MOSCOW // Estonia has made no secret of the fact that it has barred scores of Russian political activists from entering European countries as punishment for what it calls a campaign of violence and intimidation against its citizens and officials three years ago. But in a sign of Russia's often rocky path to integration with Europe, a senior Russian government official has also found himself barred from entering most European countries thanks to the tiny ex-Soviet republic.
Vasily Yakemenko, 38, the head of Russia's state committee for youth affairs, is barred from entering the 25 European countries comprising the Schengen visa zone, thanks to a decision by the Estonian interior ministry to place him on a blacklist, according to Estonian officials. Having joined the Schengen treaty two years ago, Estonia, like other treaty members, has the right to unilaterally bar individuals from the Schengen zone.
It was Mr Yakemenko's work as the former leader of a pro-Kremlin youth group, Nashi, that landed him on the blacklist. Nashi activists targeted Estonia in 2007 for relocating a Second World War memorial from central Tallinn to a nearby military cemetery. For many Estonians, the statue was a symbol of Soviet occupation, while for much of Estonia's Russian-speaking population it was a powerful, sobering reminder of the Soviet victory over the Nazis.
In April and May 2007, Nashi activists camped outside the Estonian Embassy in Moscow to protest against the decision and stormed a press conference held by the Estonian ambassador to Russia, prompting the ambassador's security to disperse the crowd with tear gas. Estonia accused Russia of violating the Vienna Convention on diplomatic relations for failing to protect its diplomats in Moscow. Estonia responded by barring Mr Yakemenko and hundreds of other Nashi activists from entering Estonia, then extended the ban to the Schengen zone when it joined the treaty in December 2007.
"The direct entry ban for all EU countries will limit the plans of these young people in the future," Jüri Pihl, the Estonian interior minister, told the media at the time. "That means these young people are sacrificing excellent opportunities to study, work and build a career." The ban on Mr Yakemenko remains in place to this day, despite his having since taken a senior government post, two Estonian officials with knowledge of the situation said on condition of anonymity. The database for persons on the Schengen blacklist is not open to the public.
Europe is a magnet for much of Russia's business and political elite, a pleasant respite from the relentless pace of life in Moscow, where a majority of Russia's ruling class resides. Many of them maintain property, businesses and bank accounts in Europe, send their children to prestigious continental boarding schools and holiday in posh resorts in the Alps. But Russian officials say EU countries formerly under Moscow's domain - such as Poland, Lithuania and Estonia - often abuse their status as EU members to punish their former imperial masters.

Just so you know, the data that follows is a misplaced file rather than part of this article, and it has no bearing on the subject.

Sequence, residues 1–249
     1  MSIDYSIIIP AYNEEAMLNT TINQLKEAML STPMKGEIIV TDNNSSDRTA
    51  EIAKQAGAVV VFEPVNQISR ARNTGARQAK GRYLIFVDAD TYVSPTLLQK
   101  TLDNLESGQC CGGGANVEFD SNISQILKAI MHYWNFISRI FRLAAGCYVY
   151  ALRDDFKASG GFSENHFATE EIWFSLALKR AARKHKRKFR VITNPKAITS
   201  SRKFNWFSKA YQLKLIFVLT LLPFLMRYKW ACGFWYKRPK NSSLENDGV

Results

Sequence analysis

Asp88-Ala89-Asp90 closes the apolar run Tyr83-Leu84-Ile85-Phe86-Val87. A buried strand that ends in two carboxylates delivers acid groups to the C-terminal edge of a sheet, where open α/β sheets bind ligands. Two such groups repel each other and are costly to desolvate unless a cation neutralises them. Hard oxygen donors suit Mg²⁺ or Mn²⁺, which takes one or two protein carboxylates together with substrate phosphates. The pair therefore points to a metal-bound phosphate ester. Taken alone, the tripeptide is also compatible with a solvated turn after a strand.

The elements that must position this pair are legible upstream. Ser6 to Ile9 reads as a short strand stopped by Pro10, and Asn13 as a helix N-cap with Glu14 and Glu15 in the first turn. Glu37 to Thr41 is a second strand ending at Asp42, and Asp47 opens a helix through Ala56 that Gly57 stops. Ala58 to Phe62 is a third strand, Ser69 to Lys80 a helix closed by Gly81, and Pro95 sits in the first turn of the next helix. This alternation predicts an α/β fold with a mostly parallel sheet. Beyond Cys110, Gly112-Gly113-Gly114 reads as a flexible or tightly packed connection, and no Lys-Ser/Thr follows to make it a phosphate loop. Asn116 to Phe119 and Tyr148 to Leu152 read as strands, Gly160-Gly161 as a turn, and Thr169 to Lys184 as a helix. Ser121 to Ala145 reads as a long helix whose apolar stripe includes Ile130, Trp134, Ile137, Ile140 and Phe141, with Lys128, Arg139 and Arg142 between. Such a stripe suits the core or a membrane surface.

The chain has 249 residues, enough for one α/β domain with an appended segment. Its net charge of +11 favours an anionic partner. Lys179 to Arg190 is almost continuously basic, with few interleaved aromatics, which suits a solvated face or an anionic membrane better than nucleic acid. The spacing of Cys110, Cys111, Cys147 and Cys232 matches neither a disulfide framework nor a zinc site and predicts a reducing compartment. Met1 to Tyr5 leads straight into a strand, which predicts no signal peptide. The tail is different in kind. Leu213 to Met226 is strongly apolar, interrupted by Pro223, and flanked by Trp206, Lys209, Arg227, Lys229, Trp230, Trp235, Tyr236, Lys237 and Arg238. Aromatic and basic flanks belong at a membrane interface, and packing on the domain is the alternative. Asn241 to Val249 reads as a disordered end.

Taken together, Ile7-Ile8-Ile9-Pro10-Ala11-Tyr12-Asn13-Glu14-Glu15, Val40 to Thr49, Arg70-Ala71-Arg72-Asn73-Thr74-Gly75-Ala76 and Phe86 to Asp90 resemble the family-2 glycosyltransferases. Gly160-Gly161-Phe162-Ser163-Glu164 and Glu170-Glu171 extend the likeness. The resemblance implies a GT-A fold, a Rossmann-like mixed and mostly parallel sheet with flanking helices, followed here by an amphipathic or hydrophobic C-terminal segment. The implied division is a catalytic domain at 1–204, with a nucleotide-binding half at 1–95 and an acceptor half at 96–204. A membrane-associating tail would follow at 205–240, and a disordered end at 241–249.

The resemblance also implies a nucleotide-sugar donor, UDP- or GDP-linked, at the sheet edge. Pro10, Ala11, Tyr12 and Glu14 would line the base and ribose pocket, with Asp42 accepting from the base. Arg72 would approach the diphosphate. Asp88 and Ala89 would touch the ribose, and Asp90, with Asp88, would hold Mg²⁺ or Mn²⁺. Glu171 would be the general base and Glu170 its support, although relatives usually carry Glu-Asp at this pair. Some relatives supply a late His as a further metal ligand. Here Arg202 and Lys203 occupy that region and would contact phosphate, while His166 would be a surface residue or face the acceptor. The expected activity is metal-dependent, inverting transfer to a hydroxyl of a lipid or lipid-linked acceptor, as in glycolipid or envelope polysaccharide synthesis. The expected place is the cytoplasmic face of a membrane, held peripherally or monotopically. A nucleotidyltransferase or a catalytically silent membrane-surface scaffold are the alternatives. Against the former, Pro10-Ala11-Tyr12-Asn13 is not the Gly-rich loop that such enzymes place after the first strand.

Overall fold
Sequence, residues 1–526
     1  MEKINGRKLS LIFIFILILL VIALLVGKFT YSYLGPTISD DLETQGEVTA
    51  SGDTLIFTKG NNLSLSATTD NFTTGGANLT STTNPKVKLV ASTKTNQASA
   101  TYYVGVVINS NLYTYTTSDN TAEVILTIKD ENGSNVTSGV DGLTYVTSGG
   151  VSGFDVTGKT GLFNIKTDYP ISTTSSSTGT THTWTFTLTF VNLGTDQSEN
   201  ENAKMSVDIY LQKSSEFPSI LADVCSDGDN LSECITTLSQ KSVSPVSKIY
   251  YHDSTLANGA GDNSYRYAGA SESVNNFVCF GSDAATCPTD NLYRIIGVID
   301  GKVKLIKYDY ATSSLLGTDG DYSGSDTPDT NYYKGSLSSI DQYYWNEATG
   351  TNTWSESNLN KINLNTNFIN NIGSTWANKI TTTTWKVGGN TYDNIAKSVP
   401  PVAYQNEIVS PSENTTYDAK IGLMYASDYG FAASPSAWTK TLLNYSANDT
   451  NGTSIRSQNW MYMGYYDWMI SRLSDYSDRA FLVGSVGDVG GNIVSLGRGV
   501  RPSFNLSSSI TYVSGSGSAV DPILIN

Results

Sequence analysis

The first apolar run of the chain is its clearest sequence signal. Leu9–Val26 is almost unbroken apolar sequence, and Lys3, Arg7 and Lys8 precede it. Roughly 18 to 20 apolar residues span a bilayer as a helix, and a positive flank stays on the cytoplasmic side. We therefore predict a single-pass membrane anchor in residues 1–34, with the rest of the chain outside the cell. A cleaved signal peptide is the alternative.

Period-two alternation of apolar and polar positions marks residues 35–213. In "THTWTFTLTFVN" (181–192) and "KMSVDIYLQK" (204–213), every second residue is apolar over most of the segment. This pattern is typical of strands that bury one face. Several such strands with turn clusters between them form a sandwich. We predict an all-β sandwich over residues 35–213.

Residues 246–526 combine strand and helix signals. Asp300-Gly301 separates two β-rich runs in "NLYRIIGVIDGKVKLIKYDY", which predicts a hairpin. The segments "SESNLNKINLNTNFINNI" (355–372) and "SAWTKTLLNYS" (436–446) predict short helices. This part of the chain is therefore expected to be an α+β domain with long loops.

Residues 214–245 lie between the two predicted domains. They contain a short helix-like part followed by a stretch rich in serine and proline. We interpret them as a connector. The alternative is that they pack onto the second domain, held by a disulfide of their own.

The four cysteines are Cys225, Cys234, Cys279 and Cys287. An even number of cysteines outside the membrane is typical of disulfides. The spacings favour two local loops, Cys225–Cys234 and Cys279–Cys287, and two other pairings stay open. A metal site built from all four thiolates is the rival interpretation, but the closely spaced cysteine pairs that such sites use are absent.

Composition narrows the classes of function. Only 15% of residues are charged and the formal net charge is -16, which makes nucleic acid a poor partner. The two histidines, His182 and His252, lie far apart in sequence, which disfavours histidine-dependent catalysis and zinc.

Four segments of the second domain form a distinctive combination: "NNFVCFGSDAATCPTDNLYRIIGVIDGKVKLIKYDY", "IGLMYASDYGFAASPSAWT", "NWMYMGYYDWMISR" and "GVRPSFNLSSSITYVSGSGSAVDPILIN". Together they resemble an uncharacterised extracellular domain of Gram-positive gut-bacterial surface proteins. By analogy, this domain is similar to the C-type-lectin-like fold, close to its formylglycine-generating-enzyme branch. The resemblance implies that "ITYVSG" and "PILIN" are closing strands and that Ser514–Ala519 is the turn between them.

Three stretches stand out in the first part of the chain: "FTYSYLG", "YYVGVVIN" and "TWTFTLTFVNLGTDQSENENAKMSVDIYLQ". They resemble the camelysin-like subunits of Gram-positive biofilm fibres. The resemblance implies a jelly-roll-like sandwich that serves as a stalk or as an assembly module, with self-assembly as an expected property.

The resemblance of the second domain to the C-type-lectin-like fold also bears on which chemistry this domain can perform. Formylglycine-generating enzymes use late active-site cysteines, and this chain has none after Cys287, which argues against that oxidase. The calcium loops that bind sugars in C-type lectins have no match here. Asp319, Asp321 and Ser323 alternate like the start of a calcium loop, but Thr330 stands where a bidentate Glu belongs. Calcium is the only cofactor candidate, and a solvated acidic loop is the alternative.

In 2007, Poland stalled EU-Russia negotiations on a pact involving economic and political ties after Russia imposed a ban on Polish meat. Lithuania has also raised objections about signing a new EU-Russia partnership treaty, which expired last year, over concerns with Russia's role in backing separatist regimes in ex-Soviet republics, including the rebel Georgian regions of Abkhazia and South Ossetia.
"Estonia is not a democratic country; it is one ruled by Russophobia," said Sergei Markov, a Russian member of parliament with the ruling United Russia Party. "I warned long ago that it is dangerous to give democratic rights to a country that is not democratic." Like Mr Yakemenko, Mr Markov was placed on a Schengen blacklist by Estonia after publicly admitting links to a Nashi activist who claimed to be behind cyber attacks on Estonian government websites following the Tallinn monument scandal.
In May, Mr Markov said, he was held for about 30 minutes by German border guards at Frankfurt airport while attempting to travel to Strasbourg, France, where he is an accredited delegate to the parliamentary assembly of the Council of Europe. The guards eventually let him travel through. "They let out a few curse words about Estonia," Mr Markov said of the German border guards. "But they had to follow orders, even if they were stupid orders."
Estonia removed Mr Markov from the Schengen blacklist following the Frankfurt incident - sparking a political scandal in Estonia in recent months - though Mr Yakemenko remains persona non grata in the 25 Schengen countries. "It is the sovereign right of any Schengen country to defend itself if it feels it has been violated," an Estonian official said on condition of anonymity because he was not authorised to speak publicly about the case.
"Mr Yakemenko has not changed his views as far as we can tell. He has not said anything to the effect that what he did was wrong." The official also dismissed Mr Markov's claim that Estonia was somehow acting in an undemocratic fashion with the Schengen bans and that they are in no way meant as "payback" to Russia over disagreements or tensions related to the countries' controversial Soviet past. "It is very important for us to pave the way for normal relations with Russia," the Estonian official said. "We have a very heavy and emotional history, but not for a moment should anyone think this is related to payback. These situations are connected to very concrete activities or statements and are supported by a legal framework."
Kristina Potupchik, Mr Yakemenko's spokeswoman and a former spokeswoman for Nashi, said her boss would not comment on his Schengen ban. "He has no plans to visit Estonia or Europe," Ms Potupchik said. email@example.com